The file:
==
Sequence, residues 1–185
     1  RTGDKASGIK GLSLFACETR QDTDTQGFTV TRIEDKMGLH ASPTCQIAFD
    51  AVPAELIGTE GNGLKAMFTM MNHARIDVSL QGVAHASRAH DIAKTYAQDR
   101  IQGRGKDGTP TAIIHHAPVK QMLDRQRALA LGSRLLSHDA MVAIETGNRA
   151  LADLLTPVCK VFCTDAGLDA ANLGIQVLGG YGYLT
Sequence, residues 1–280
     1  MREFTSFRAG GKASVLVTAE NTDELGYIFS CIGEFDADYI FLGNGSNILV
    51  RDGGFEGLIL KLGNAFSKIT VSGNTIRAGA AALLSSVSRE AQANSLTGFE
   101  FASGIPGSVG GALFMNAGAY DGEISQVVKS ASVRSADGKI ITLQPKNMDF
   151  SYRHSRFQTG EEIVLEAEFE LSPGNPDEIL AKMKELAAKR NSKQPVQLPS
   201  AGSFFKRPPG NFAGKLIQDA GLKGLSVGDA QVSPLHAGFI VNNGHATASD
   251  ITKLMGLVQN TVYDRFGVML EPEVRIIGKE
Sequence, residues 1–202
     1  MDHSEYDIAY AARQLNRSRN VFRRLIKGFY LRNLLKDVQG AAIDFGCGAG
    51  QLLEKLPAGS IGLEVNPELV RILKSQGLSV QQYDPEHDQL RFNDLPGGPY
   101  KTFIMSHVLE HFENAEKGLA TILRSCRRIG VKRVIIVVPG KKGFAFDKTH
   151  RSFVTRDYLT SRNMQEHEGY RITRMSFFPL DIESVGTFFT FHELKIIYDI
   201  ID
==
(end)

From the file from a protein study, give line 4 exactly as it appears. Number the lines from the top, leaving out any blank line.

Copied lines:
   101  IQGRGKDGTP TAIIHHAPVK QMLDRQRALA LGSRLLSHDA MVAIETGNRA